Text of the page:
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Re: Base 12 kicks all your asses

Postby Yakk » Wed Dec 19, 2007 8:35 pm UTC

You do know that a computer that runs in base 10 is perfectly buildable?

And that there is some theoretical indication that a base 3 computer might be more efficient than a base 2 computer. :)
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Re: Base 12 kicks all your asses

Postby HappySmileMan » Wed Dec 19, 2007 9:48 pm UTC

zenten wrote:
photosinensis wrote:Hex forever and always. Period. There's nothing better.


Um, no. There's no advantage of 16 over 2, except that it looks a bit more normal to people who are used to base 10.


Much more easy for mental arithmetic, Since in base16 you add two digits for each 8 in binary, also saves space and time when writing numbers down.

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Re: Base 12 kicks all your asses

Postby b.i.o » Wed Dec 19, 2007 9:58 pm UTC

zenten wrote:
photosinensis wrote:Hex forever and always. Period. There's nothing better.


Um, no. There's no advantage of 16 over 2, except that it looks a bit more normal to people who are used to base 10.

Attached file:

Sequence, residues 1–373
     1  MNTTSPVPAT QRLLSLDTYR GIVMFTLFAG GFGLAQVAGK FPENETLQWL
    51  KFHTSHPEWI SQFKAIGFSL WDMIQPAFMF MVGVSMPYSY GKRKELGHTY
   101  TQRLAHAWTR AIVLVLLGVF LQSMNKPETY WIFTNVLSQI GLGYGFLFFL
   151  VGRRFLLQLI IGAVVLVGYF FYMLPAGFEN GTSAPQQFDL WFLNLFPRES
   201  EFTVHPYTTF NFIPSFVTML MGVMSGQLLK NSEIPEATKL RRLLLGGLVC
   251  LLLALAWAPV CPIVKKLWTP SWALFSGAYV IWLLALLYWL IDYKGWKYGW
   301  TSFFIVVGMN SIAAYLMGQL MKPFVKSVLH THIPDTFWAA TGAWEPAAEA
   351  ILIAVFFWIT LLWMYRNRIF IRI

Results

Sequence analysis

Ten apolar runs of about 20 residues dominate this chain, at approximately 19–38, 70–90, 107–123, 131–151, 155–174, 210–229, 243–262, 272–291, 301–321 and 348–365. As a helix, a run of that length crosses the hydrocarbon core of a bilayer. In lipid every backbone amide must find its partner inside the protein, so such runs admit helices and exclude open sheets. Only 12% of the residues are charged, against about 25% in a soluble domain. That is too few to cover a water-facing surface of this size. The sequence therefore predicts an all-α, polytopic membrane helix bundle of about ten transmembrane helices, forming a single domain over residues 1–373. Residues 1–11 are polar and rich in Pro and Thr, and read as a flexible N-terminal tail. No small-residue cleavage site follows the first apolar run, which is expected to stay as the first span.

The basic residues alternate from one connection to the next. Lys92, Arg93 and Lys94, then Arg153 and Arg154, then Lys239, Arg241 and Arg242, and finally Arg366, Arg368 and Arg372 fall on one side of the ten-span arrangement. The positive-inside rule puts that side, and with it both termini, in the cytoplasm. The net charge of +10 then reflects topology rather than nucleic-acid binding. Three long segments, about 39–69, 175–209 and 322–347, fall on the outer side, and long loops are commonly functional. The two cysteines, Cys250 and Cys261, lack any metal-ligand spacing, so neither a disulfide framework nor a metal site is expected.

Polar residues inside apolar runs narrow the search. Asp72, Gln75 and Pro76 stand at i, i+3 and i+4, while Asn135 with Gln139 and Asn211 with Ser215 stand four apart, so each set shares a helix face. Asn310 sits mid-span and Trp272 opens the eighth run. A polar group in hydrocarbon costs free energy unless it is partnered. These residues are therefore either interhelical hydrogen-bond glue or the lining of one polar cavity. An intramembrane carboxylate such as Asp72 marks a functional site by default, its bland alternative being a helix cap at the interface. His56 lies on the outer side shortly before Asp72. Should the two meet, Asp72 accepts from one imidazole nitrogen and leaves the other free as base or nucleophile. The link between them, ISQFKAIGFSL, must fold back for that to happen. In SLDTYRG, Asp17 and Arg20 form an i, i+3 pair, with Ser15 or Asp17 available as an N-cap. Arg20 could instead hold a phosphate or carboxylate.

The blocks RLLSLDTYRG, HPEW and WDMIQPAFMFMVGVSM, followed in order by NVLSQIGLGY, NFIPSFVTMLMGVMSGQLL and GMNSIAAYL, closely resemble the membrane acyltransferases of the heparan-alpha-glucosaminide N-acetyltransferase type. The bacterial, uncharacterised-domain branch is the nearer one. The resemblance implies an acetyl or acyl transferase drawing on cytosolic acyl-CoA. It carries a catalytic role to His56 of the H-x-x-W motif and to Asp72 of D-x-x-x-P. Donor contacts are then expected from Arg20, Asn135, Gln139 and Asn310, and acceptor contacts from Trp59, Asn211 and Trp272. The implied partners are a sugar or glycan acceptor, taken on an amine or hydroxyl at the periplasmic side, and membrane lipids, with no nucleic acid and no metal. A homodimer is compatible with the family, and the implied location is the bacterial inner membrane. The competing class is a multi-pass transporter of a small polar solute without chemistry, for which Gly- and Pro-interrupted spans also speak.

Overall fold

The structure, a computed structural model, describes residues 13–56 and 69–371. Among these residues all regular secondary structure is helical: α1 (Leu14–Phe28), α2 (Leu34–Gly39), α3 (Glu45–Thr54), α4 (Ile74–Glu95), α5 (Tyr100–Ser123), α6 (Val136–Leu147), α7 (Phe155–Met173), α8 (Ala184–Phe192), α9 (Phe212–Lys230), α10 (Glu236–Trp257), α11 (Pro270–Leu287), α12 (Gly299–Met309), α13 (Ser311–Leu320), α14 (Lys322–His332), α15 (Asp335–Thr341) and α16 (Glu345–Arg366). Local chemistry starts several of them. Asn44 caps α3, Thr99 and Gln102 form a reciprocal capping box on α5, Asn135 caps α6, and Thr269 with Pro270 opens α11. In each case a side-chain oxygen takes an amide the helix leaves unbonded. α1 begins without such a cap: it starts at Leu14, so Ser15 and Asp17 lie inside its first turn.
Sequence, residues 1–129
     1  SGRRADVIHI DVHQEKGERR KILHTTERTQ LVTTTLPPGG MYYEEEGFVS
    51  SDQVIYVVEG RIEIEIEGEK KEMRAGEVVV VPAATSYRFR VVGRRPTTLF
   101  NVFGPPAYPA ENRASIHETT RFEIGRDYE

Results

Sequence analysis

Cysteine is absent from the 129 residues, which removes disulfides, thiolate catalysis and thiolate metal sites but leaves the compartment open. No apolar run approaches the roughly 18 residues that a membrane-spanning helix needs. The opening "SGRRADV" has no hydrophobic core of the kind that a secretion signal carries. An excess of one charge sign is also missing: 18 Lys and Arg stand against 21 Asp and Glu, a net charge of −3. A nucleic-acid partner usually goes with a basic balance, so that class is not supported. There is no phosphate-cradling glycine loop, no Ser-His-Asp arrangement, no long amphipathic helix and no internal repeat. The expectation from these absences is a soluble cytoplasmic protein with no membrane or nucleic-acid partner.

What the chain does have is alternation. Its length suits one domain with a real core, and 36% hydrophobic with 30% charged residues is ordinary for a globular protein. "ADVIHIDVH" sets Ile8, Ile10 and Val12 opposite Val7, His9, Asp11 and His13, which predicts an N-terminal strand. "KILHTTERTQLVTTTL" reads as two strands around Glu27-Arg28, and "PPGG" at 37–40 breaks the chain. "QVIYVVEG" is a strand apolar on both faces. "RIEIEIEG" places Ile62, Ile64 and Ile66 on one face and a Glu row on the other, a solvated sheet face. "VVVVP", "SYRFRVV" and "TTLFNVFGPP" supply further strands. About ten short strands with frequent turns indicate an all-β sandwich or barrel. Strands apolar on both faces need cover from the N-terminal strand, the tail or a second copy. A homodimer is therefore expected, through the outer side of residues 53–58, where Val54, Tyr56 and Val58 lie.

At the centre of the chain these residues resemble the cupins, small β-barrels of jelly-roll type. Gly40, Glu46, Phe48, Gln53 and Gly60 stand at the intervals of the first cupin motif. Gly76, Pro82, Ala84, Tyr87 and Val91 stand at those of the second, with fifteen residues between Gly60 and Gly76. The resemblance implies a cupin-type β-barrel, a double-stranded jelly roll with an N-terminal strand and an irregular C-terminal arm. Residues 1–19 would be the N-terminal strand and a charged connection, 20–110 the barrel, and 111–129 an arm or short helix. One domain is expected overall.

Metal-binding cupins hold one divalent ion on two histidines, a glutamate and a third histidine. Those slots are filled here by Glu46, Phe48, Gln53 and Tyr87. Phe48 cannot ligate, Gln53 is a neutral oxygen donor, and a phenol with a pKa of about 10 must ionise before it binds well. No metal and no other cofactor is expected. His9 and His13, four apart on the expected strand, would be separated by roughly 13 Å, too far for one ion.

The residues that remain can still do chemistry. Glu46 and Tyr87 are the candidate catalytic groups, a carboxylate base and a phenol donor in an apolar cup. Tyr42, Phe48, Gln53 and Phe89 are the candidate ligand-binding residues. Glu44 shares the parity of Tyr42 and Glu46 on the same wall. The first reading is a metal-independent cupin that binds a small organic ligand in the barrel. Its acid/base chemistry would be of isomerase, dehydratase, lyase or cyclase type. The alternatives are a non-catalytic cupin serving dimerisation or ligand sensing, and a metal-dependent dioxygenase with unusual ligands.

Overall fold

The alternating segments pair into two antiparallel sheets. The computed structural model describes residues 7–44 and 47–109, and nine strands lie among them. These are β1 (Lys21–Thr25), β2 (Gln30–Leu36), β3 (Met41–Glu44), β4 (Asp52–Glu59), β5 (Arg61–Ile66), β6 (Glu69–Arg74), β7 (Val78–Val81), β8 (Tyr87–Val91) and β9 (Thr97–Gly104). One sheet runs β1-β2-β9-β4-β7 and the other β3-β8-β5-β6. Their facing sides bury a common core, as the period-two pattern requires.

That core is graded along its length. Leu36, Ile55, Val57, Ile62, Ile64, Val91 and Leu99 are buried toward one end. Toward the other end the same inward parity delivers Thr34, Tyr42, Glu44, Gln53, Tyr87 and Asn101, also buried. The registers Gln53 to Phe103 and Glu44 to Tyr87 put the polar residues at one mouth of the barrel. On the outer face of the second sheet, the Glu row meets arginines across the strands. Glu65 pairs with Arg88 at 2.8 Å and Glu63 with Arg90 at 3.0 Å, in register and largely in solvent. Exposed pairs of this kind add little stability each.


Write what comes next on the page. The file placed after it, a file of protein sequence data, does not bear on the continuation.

And it takes up less space on the page...but that's about it.

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Re: Base 12 kicks all your asses

Postby btilly » Wed Dec 19, 2007 10:23 pm UTC

HappySmileMan wrote:
zenten wrote:
photosinensis wrote:Hex forever and always. Period. There's nothing better.


Um, no. There's no advantage of 16 over 2, except that it looks a bit more normal to people who are used to base 10.


Much more easy for mental arithmetic, Since in base16 you add two digits for each 8 in binary, also saves space and time when writing numbers down.

Uh, no. 2 digits for each 4 in binary.

Yakk wrote:You do know that a computer that runs in base 10 is perfectly buildable?

And that there is some theoretical indication that a base 3 computer might be more efficient than a base 2 computer. :)

Do not laugh. Some mainframes were built to run in base 10 because it was more convenient for machines that were going to spend all of their time handling currency.
Yakk wrote:But practically, you could instead have a non-constant base.

Each additional digit adds another prime to the base.

That gives the nice property that all rational numbers are terminating decimals.

And makes all math difficult to do.

If you want to make the representation of all rational numbers terminate, use continued fractions instead. Conceptually far simpler, and it terminates much, much faster.
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Re: Base 12 kicks all your asses

Postby adlaiff6 » Fri Dec 21, 2007 6:04 am UTC

If a number representation system doesn't have a closed form equation for the nth digit of pi, it ain't for me.